Domestic companies were on an aggressive expansion spree in the last decade. And a large number of companies particularly in infrastructure, banking and financial services have resorted to equity dilution to raise fresh capital. Even the divestment program led by the government to raise funds has led to decline in promoter stake in public sector enterprises.

But as the Indian subsidiaries of large multinational companies enjoy a strong parentage; their need for fresh capital has been limited. Moreover with their home markets in developed economies yielding much lower return on equity as compared to India, many multinational companies have raised stakes in their Indian subsidiaries.

Companies such as Hindustan Unilever, Bosch, ACC, Ambuja Cement and Nestle India have seen a jump in promoter holdings in the last decade. However, the royalty charged by a number of parent companies such as Hindustan Unilever, Nestle has also risen over the years. This in turn is proving out to be a raw deal for minority shareholders in these companies.

Are MNCs milking business growth in India?

With the Indian government deciding to raise the investment limits in government bonds for foreign investors, China has shown interest in investing in the country. As reported in the Economic Times, People's Bank of China (PBoC) has bought Government of India bonds. It must be noted that PBoC is the second largest holder of financial assets after the US Federal Reserve.

So what does China investing in Indian government bonds signify? One could be that it gradually wants to reduce its exposure to US government bonds.

The other reason can be attributed to the Chinese central bank wanting to diversify its holdings to other currencies and not depend too much on dollars. So China buying Indian government bonds elevates the importance of the rupee. It could also mean that China has more faith in India than the other emerging markets.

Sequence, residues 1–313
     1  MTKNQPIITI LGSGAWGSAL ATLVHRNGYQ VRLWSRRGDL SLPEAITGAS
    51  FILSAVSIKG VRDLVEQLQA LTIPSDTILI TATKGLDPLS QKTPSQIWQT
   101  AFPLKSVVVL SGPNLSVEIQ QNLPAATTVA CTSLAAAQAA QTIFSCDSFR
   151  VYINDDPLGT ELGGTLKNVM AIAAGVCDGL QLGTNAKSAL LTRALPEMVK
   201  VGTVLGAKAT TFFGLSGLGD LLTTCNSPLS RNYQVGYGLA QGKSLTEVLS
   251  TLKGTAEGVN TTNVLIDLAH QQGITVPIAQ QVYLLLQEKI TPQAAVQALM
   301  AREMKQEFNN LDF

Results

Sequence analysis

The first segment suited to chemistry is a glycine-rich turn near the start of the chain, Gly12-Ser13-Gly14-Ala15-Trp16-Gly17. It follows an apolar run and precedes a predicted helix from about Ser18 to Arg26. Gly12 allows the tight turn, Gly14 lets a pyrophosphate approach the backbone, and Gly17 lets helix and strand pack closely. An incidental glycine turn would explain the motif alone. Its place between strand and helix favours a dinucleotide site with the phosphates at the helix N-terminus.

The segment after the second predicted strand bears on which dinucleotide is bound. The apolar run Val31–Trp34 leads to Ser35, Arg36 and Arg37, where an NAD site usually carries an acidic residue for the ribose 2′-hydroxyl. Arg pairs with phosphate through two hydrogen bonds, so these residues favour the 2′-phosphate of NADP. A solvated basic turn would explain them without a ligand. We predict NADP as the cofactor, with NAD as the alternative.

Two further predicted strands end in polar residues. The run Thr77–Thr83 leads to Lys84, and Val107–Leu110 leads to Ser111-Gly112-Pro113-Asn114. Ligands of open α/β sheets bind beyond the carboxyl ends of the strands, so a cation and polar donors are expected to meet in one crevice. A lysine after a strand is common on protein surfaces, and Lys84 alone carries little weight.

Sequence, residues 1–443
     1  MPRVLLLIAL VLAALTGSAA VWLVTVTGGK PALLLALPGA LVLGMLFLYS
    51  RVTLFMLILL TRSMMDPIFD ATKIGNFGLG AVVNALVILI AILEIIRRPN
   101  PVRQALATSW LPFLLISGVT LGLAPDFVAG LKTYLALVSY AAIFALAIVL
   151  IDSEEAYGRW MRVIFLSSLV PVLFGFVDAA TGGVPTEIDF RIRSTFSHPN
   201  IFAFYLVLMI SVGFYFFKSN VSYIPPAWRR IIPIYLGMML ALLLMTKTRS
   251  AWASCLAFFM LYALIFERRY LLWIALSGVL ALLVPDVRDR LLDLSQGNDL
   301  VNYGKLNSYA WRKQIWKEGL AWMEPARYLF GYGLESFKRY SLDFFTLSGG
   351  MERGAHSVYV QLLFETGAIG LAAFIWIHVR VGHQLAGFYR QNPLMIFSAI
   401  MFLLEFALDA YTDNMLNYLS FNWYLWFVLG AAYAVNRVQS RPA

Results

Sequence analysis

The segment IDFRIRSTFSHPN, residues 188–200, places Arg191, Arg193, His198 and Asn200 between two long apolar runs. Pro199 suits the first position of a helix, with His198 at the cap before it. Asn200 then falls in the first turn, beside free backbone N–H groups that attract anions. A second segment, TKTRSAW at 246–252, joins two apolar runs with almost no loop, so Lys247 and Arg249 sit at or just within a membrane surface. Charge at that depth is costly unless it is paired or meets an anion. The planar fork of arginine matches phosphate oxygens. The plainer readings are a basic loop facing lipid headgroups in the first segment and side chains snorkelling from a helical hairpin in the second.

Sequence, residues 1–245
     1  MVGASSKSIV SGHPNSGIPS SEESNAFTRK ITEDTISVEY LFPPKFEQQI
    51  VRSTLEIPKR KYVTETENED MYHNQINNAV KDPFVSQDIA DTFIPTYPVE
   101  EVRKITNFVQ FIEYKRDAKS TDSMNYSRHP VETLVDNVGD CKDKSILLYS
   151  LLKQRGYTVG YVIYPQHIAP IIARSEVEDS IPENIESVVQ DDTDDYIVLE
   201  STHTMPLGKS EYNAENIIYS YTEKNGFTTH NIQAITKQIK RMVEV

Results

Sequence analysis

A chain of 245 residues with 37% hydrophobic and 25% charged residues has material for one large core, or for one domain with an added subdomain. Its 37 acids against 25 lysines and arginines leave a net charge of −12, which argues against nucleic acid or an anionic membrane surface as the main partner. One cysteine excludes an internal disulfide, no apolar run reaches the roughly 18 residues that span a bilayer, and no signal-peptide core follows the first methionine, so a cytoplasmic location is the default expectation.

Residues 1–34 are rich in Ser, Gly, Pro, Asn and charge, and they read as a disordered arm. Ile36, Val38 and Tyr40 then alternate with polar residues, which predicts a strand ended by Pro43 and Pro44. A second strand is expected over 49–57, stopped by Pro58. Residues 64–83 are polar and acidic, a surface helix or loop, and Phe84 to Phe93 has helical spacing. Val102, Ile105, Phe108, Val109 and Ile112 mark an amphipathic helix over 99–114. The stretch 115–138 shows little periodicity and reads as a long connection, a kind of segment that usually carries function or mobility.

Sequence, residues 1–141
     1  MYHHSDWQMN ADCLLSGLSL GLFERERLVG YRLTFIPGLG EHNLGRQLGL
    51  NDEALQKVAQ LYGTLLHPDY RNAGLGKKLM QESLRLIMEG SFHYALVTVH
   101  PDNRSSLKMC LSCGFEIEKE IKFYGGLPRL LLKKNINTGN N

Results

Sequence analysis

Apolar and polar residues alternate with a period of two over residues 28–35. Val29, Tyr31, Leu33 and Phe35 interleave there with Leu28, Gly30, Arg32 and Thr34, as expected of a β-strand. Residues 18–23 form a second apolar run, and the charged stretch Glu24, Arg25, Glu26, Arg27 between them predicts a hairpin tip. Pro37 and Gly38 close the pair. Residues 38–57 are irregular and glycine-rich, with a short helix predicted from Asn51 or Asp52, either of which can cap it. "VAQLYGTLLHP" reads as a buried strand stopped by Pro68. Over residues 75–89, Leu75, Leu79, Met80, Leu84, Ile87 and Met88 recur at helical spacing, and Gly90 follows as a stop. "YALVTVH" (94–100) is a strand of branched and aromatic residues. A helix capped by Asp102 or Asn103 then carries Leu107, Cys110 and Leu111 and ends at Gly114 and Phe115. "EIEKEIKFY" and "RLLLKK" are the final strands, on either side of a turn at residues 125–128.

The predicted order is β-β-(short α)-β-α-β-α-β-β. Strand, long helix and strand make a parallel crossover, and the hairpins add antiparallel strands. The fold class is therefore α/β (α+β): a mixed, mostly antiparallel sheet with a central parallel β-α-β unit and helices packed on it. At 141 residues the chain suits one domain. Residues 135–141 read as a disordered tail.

Prime Minister Modi's efforts to convince foreign investors to invest in the country seem to be working. But he also needs to get the Indian economy going and effectively implement reforms in order to make good on his promises. This is especially critical if foreign investors are to remain interested in India for longer periods of time.

Indian stock markets began the trading session on a firm note and the buying momentum sustained for most part of the day. At the time of writing, the BSE Sensex was trading higher by 129 points. Gains were largely seen in auto, and metal stocks.

 Today's investing mantra
"The extravagance of any corporate office is directly proportional to management's reluctance to reward the shareholders." - Peter Lynch

This edition of The 5 Minute WrapUp is authored by Radhika Pandit (Research Analyst) and Madhu Gupta (Research Analyst).

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1 Responses to "The Not-So-Well-Known Competitive Advantage That Buffett So Loves..."

Subhash Moharir

Nov 4, 2015

The Chinese are planning to pull the carpet from underneath the Indian economy to hurt it seriously.

Equitymaster requests your view! Post a comment on "The Not-So-Well-Known Competitive Advantage That Buffett So Loves...". Click here!